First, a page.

WILTON — The smoldering Rudolph Valentino was cinema’s first sex symbol, bringing a new level of exotic sexuality to the movies, and leading to mob scenes at his New York City funeral in 1926.
To celebrate Valentine’s Day, one of Valentino’s most acclaimed films will be screened with live music at 4:30 p.m. Sunday at the Wilton Town Hall Theatre, 40 Main St.
The silent film “The Eagle” (1925), a racy story set in Czarist Russia, proved to be one of his most popular features. Based on the novel “Dubrovsky” by Alexander Pushkin, “The Eagle” casts Valentino as a lieutenant and expert horseman in the Russian army who catches the eye of Czarina Catherine II. After he rejects her advances and flees, she puts out a warrant for his arrest, dead or alive. When he learns that his father has been persecuted and killed in his hometown, he dons a black mask and becomes an outlaw, finding unexpected romance along the way.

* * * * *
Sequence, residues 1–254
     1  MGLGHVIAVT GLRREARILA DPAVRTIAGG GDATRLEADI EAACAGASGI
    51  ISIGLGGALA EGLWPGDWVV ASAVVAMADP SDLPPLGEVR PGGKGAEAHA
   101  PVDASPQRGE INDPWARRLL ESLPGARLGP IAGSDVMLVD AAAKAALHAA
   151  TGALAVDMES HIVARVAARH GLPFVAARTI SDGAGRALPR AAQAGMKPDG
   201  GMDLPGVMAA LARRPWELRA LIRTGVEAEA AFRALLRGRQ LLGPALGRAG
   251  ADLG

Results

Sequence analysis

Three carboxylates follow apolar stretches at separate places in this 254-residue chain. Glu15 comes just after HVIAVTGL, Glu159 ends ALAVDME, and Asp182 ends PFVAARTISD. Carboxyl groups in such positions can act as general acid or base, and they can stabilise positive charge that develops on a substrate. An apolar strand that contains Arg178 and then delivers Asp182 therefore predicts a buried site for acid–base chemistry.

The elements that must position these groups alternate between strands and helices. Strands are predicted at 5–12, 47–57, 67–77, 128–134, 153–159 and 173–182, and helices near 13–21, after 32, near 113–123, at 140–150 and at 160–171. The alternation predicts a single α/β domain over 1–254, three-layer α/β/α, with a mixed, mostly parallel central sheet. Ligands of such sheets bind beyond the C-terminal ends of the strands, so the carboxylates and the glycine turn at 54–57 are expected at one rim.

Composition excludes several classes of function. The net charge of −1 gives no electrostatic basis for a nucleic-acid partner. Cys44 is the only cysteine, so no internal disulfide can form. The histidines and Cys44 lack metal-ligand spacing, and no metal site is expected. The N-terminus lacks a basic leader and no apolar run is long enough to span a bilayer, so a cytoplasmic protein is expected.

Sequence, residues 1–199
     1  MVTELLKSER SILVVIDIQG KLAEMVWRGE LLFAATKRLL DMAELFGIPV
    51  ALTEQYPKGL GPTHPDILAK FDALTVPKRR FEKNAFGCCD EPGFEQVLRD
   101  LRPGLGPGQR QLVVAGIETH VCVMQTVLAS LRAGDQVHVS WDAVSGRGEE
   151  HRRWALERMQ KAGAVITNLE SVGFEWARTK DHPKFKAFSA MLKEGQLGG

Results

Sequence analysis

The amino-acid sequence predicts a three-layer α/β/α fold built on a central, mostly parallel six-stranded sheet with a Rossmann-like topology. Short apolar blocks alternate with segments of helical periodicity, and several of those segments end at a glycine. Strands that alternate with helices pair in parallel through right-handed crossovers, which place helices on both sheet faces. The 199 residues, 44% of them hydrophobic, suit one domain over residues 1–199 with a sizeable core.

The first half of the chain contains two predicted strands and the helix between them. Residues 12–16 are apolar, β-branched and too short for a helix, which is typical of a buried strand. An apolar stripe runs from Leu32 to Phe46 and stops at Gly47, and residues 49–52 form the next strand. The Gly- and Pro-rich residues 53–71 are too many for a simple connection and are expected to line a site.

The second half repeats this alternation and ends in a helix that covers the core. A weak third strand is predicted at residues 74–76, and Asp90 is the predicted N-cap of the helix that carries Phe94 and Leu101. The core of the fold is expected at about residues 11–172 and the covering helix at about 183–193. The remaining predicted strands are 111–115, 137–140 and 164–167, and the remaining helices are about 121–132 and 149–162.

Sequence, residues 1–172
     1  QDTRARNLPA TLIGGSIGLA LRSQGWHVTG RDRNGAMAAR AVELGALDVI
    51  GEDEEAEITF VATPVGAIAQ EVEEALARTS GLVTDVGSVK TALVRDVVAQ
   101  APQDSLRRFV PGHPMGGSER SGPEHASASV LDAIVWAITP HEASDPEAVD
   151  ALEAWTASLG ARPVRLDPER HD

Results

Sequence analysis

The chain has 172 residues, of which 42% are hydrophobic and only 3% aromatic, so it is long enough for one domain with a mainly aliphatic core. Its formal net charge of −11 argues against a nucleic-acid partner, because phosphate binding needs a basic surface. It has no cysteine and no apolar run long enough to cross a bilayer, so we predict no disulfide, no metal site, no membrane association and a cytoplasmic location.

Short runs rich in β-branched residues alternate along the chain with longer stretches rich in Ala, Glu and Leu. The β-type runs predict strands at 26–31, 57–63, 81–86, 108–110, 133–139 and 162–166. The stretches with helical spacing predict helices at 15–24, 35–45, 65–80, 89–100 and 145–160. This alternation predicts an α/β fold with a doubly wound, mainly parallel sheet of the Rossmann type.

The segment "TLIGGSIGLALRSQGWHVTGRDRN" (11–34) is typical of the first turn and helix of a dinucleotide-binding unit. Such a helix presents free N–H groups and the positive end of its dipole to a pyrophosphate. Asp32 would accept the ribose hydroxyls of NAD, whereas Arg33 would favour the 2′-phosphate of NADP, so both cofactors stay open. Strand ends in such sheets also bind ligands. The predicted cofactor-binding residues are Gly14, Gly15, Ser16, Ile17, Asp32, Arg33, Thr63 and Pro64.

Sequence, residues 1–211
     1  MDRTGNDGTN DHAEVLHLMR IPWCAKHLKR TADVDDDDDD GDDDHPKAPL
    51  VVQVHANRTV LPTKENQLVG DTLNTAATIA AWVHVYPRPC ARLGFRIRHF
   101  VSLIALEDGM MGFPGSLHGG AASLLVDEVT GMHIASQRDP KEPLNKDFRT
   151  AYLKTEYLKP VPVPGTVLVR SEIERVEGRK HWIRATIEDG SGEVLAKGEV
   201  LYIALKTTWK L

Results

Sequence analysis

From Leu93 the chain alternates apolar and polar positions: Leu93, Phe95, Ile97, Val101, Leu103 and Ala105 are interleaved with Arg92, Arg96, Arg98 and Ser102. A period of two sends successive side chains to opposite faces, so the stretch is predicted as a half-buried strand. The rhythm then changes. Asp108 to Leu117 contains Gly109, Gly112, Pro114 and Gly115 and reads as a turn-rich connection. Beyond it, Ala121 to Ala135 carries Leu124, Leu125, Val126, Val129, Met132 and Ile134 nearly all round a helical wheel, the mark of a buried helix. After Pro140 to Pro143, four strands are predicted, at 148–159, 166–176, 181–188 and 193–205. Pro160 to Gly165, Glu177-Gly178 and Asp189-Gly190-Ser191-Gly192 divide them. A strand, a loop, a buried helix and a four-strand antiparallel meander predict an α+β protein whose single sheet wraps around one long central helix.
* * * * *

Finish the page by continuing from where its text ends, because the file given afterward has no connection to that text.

An Italian immigrant who arrived penniless at Ellis Island in 1913, Valentino rose to superstar status across the world with a series of silent pictures. “The Eagle” was Valentino’s next-to-last film, released the year before his unexpected death at age 31 from complications from peritonitis.
“The Eagle” will be screened against a live score played by local composer Jeff Rapsis.
Suggested admission fee to the screening is $5. Visit wiltontownhalltheatre.com or call 654-3456 for more information.